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6 reasons why you don't need a gimbal

3 minute read

Replay: With an influx of sponsored videos from seemingly every semi-popular filmmaker on YouTube, it can be hard not to get suckered into buying the latest gadget…

Over the summer a well-known manufacturer released its new gimbal, and all of a sudden my YouTube feed was suddenly inundated with countless new reviews from just about every filmmaking, tutorial teaching, tech reviewing YouTuber out there. Congratulations on another great marketing campaign; it obviously works and people seem happy with it. But I won’t be buying. In fact, I’ve never owned a gimbal in my life.

While it can be incredibly tempting to grab the shiny new toy, it’s worth taking a moment to pause and ask yourself “do I really need this?” My argument is no. You don’t. Here are six good reasons why.

1. Don’t be afraid of a little hand shake

I’ve always found that footage shot with a gimbal almost comes across as too good, if that makes sense. There’s something a little off about just how smooth and polished it is. It’s like eating at a restaurant where you daren’t even breathe because it’s way too posh and actually, you wouldn’t mind just having those greasy, £3.50 cheesy chips from the takeaway down the road.

What I’m saying is that, in my opinion at least, a bit of camera shake is good. I predominantly shoot travel documentaries and having some natural movement in the frame is no bad thing – to me that feels more ‘raw and real’, which is what I’m always aiming for.

2. In-built image stabilization

Linking into the above point, I wouldn’t be getting the natural, smooth movement that I’m happy with if it weren’t for my camera’s incredible IBIS. I shoot with a GH5 and native lenses which effectively negates the needs for any gimbal. Just take a look at this video I shot completely handheld in Istanbul with an Olympus 12-40mm f2.8 pro:

Nearly all competent cameras these days come with an impressive IBIS that enables you to shoot handheld in a more run-and-gun style. You don’t need a gimbal when the technology is already right there in your hands.

3. Why create more work for yourself?

Speaking of run-and-gun style (that’s me all over) and having seen other members of my crew struggling with these things, I feel like gimbals are a hassle you can do without. For starters, they’re really rather heavy (it’s an actual arm workout if you’re going to shoot with these things for 8 hours a day) and they take up more precious space in your kit bag. Can you afford to bring it?

On top of this, they take time to set up. I’ve gotten to a location, set up my camera in under 5 minutes and am raring to go, only to have to wait another 40 minutes while somebody struggles and faffs trying to get the gimbal to work. Precious time and space has been robbed here.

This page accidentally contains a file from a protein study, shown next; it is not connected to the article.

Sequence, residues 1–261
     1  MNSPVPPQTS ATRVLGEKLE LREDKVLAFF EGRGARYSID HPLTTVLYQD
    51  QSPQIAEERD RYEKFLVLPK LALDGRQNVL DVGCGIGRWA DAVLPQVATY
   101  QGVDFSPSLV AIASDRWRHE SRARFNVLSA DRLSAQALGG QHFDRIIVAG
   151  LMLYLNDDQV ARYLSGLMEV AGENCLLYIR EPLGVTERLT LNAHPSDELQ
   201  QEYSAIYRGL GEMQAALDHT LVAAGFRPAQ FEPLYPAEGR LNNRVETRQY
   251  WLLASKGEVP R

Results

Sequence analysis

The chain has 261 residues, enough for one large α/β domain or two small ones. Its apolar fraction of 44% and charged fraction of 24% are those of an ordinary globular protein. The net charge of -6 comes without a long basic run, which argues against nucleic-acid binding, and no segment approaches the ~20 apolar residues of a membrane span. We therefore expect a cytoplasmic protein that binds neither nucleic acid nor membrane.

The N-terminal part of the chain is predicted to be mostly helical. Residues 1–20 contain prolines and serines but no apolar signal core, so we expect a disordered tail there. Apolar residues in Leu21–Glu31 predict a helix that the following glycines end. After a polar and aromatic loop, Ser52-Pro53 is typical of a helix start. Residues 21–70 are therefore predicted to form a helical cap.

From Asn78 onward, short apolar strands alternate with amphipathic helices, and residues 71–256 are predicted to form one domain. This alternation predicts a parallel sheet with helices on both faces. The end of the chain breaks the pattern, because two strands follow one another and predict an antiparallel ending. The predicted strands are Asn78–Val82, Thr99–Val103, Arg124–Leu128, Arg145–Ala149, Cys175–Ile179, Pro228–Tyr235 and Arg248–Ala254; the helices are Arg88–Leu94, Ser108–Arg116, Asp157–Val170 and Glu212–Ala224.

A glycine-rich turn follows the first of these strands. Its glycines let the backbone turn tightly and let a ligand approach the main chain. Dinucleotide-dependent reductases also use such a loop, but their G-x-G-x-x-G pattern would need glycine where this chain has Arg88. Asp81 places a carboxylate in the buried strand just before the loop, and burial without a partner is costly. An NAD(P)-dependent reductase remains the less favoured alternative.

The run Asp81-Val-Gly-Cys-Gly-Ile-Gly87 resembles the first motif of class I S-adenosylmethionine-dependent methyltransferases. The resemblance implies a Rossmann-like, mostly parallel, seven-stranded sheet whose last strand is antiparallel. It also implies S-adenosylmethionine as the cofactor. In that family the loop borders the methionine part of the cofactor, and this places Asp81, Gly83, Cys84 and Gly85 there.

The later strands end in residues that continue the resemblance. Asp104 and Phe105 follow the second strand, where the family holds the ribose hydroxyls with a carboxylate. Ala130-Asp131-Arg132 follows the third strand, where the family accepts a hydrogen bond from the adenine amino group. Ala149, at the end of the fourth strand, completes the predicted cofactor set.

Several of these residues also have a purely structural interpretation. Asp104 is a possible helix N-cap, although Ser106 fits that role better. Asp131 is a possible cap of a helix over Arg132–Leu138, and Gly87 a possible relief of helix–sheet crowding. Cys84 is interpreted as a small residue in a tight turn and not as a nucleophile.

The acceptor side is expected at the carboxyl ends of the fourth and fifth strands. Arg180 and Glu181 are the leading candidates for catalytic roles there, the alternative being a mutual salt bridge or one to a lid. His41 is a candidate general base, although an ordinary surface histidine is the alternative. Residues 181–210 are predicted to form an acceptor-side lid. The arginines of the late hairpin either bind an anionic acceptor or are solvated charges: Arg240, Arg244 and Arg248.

4. Gimbals make you lazy

I’ve also noticed that gimbals can make you lazy. While yes, you’re getting an arm workout in, you can become quite limited creatively. When your camera is on a gimbal you feel like you have to shoot certain shots in certain ways to make the most of it. There’s the push forward or back while the camera pans up or down, the 360-orbital and a handful of others that you’ve seen countless times over the years. It’s a bit copy and paste for my liking.

Take the camera off and suddenly, you have full creative control again. You choose what kind of shots you want to get, from whatever angles you decide look best and with whatever motion works for you.

5. Gimbals are expensive

I suppose this one is subjective. Gimbals are expensive. Even if you don’t think they are, though, can you reinvest that budget elsewhere? I’ve taken the same amount of money I would’ve spent on a gimbal and built out a whole rig for my GH5. You could do the same. Before you spend the big bucks, think long and hard about whether that money could be better invested elsewhere.

6. Are you sure this isn't just fomo?

This brings me to my last point – are you just purchasing the latest and greatest gimbal because of fomo (fear of missing out)? It can be really hard not to get suckered into something when you see so many videos championing a product, telling you that you need this, while plenty of other filmmakers all around you go out and grab one. Just ask yourself why you’re buying it and question whether it’s actually going to truly benefit you and improve your filmmaking.

Wrapping up with some caveats and context

So, those are my arguments for why you don’t need a gimbal. There is of course a caveat to all of this. The decision of purchasing a gimbal or not depends on what you're shooting and what type of filmmaker you are. For my films and the way I work, it makes no sense. But to play devil's advocate for a moment here…perhaps you do need one? 

For example, plenty of music videos and weddings could do with one – those are types of videos where a gimbal is genuinely useful. What I’m getting at in a roundabout way is that all of this should be a fully independent creative choice that you make for yourself. If you buy one, make sure it's an intentional decision and not just because [insert YouTube channel name here] told you to!

Tags: Production Gimbals